Our family Fraser tartan.

Life leads us on a merry chase sometimes. We can panic when it leads us into danger. We can throw a fit when it leads us into disappointment. Or we can sit back. Evaluate. Experiment. Explore.

And, in all of that, in all our decisions and promotions and set-backs, we keep on praying.

“My son, do not forget my teaching, but keep my commands in your heart, for they will prolong your life many years and bring you peace and prosperity. Let love and faithfulness never leave you; bind them around your neck, write them on the tablet of your heart. Then you will win favor and a good name in the sight of God and man. Trust in the Lord with all your heart and lean not on your own understanding; in all your ways submit to him, and he will make your paths straight.”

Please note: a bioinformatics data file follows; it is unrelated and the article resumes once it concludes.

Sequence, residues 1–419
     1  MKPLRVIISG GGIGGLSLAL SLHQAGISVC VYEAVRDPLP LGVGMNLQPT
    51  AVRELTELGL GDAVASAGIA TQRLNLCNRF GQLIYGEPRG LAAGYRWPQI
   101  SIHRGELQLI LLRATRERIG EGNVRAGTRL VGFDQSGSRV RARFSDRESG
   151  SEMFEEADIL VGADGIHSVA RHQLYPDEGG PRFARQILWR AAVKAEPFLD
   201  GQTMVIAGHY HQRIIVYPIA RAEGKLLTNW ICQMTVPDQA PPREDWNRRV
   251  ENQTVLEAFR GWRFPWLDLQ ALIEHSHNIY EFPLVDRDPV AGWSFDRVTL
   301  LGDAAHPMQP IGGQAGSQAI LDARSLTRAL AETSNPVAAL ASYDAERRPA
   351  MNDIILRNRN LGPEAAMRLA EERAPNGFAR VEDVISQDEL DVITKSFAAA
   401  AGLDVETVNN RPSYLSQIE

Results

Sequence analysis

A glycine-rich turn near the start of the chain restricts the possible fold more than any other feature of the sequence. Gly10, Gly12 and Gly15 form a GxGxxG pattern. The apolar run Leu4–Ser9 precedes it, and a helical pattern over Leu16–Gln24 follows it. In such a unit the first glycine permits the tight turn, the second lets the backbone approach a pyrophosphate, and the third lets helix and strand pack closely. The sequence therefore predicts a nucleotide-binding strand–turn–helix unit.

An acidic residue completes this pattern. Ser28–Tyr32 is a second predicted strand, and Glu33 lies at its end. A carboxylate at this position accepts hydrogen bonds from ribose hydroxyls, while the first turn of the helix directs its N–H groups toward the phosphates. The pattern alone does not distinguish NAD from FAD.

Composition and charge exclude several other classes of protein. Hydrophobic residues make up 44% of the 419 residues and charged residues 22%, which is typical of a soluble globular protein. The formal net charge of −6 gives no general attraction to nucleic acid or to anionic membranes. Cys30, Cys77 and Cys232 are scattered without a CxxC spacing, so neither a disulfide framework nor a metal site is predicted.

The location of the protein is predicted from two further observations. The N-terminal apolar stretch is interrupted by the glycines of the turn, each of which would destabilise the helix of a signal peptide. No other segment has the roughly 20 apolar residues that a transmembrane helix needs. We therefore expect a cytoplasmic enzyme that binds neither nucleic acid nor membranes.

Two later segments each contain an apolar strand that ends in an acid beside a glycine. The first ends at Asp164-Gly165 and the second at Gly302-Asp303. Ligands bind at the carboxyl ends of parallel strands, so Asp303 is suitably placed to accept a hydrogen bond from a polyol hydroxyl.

Proverbs 3:1-6 NIV

Even a twisted path can lead us straight to God.